HNO

, Volume 56, Issue 1, pp 27–36 | Cite as

Update zur Physiologie und Pathophysiologie des Innenohrs

Pathomechanismen der sensorineuralen Schwerhörigkeit
  • N. Strenzke
  • D. Pauli-Magnus
  • A. Meyer
  • A. Brandt
  • H. Maier
  • T. Moser
Leitthema

Zusammenfassung

Die Schwerhörigkeit ist die häufigste humane Sinnesbehinderung. Der sensorineuralen Schwerhörigkeit (SNSH), auf die etwa 70% der Schwerhörigkeiten entfallen, liegen verschiedene pathologische Veränderungen im Innenohr und im Hörnerv zugrunde. Die individuelle Beeinträchtigung durch die SNSH und der Erfolg einer apparativen Rehabilitation hängen kritisch von den zugrunde liegenden Pathomechanismen ab. In dieser Übersicht stellen wir aktuelle Erkenntnisse über die zelluläre Pathophysiologie der SNSH vor, die überwiegend aus Studien an Mauslinien mit gezielten genetischen Modifikationen gewonnen wurden. Zuerst werden interessante Einsichten aus Experimenten von Mausmutanten mit spezifischen Defekten der kochleären Ionenhomöostase oder Verstärkung dargestellt. Wir wenden uns dann ausführlich krankhaften Veränderungen der afferenten Synapse der inneren Haarzellen (auditorische Synaptopathie) und des Hörnerven (auditorische Neuropathie) zu. Beide nosologischen Entitäten haben in den letzten Jahren auch große klinische Beachtung gefunden. Diesen SNSH-Varianten ist die gestörte zeitliche Verarbeitung von Schallsignalen gemeinsam. Daraus resultiert ein besonders schlechtes Sprachverständnis, dessen Störung oft über das von der Tonschwelle erwartete Maß hinausgeht. Das Ausmaß der Schwerhörigkeit reicht von milden Formen mit Defizit ausschließlich in der zeitlichen Verarbeitung von Schallsignalen bis hin zur Taubheit. Dabei sind otoakustische Emissionen als Zeichen einer normalen kochleären Verstärkung zumindest initial häufig zu beobachten.

Zusammenfassend kann gesagt werden, dass gut charakterisierte Tiermodelle unser pathophysiologisches Verständnis der SNSH vertiefen. Sie leisten wertvolle Hilfe bei der Etablierung neuer audiologischer Protokolle zur Differenzierung der einer individuellen SNSH zugrunde liegenden Pathomechanismen. Auf diese Weise tragen sie zur gezielten Diagnostik und Rehabilitation von SNSH-Patienten bei.

Schlüsselwörter

Auditorische Synaptopathie Auditorische Neuropathie Mausmodell Haarzellen Kochleäre Ionenhomöostase Verstärkung 

Update on physiology and pathophysiology of the inner ear

Pathomechanisms of sensorineural hearing loss

Abstract

Hearing impairment is the most common form of human sensory deficit. The most frequent form, sensorineural hearing loss (SNHL), which accounts for approximately 70% of cases, encompasses various pathologies in both the inner ear and the auditory nerve. The individual hearing impairment and its outcome following aiding with hearing devices critically depend on the underlying disorder. Here recent progress in our understanding of the cellular mechanisms of SNHL in genetically engineered mouse models is reviewed. First, insights gained from models for specific defects in cochlear sound amplification and ion homeostasis are discussed followed by a focus on disorders of the inner hair cell synapses (auditory synaptopathy) and the auditory nerve (auditory neuropathy). Both nosological entities have also attracted substantial clinical interest in recent years and share an impaired temporal processing of auditory stimuli. This results in poor speech recognition, often out of proportion to the pure tone threshold. Hearing loss can range from mild variants with exclusive deficits of temporal processing to complete deafness. At least initially, signs of normal outer hair cell function such as evoked otoacoustic emissions can be found.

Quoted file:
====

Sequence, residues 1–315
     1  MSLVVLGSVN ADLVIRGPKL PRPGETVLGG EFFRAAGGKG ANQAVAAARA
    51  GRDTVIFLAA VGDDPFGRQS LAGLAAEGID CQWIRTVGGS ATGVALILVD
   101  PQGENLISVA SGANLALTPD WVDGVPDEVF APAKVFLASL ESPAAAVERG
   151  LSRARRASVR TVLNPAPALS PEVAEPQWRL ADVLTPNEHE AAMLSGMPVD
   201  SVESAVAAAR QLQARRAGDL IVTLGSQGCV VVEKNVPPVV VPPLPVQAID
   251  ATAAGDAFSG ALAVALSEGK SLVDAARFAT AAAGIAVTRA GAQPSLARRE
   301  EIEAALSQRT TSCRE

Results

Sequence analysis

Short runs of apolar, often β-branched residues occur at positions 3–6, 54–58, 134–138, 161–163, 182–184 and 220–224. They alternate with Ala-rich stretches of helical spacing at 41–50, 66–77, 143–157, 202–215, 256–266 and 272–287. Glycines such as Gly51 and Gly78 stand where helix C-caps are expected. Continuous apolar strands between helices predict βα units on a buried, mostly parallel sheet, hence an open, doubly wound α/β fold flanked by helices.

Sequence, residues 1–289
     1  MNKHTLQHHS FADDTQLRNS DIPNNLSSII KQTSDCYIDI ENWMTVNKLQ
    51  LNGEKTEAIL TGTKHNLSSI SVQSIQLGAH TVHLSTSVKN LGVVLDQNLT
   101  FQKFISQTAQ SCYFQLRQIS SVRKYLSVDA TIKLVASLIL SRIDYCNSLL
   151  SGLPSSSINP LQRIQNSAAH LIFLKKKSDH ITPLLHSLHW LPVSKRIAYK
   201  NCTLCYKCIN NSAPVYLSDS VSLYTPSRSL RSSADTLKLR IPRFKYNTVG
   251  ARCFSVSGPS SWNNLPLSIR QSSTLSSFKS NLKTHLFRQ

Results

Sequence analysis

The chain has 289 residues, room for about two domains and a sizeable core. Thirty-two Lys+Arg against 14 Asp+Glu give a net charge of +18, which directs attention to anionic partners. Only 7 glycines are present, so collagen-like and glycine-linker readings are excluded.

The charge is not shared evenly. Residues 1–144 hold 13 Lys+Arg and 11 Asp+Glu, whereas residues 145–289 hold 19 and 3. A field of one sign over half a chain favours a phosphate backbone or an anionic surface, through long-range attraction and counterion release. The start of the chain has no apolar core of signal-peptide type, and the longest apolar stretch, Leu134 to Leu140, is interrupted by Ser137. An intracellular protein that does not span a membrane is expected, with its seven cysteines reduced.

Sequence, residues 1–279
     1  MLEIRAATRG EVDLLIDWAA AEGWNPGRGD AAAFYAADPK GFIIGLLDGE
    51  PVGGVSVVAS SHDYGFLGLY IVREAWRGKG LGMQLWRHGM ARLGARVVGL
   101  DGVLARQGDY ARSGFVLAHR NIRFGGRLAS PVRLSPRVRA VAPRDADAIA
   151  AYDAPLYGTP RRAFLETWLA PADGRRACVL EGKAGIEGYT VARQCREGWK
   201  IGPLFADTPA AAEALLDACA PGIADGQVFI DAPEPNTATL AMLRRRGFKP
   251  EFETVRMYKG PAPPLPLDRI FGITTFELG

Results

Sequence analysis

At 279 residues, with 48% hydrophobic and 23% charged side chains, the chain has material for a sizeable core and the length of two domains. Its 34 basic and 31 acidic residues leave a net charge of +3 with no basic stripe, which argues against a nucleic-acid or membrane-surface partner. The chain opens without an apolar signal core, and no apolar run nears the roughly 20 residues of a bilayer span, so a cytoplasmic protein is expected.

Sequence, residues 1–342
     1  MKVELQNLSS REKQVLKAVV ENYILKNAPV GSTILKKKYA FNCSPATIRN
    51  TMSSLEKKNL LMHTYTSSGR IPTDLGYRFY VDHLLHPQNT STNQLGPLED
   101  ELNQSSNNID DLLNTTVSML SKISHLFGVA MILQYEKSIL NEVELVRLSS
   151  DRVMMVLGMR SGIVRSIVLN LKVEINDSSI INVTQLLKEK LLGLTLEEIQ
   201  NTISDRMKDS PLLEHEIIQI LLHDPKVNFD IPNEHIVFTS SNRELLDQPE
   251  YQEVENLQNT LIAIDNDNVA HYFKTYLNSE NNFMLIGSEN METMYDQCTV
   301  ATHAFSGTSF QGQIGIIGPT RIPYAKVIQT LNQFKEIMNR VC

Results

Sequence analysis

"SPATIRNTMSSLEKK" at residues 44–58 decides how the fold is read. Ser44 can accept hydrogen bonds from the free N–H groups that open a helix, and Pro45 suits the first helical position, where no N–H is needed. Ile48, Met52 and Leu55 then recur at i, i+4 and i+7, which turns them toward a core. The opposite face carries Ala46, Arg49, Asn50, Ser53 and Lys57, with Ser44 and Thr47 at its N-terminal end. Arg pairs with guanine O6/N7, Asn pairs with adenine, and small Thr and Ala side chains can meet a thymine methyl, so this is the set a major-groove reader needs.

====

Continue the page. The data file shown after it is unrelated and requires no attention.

In summary, well-characterized animal models allow us to refine our pathophysiological understanding of SNHL and offer invaluable help in defining toolboxes for investigating the mechanism(s) underlying the SNHL of affected individuals. Together, this will contribute to custom-tailored diagnostics and rehabilitation of SNHL patients.

Keywords

Auditory synaptopathy Auditory neuropathy Mouse model Auditory hair cells Cochlear ion homeostasis Otoacoustic emissions 

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Copyright information

© Springer Medizin Verlag 2007

Authors and Affiliations

  • N. Strenzke
    • 1
    • 2
  • D. Pauli-Magnus
    • 2
  • A. Meyer
    • 2
  • A. Brandt
    • 2
  • H. Maier
    • 4
  • T. Moser
    • 2
    • 3
  1. 1.Eaton Peabody Laboratory, MEEIHarvard UniversityBostonUSA
  2. 2.InnerEarLab, Department of Otolaryngology and Center for Molecular Physiology of the BrainUniversität GöttingenGöttingenDeutschland
  3. 3.InnerEarLab, Department of Otolaryngology and Center for Molecular Physiology of the BrainUniversität GöttingenGöttingenDeutschland
  4. 4.HNO-UniversitätsklinikHamburg-EppendorfDeutschland

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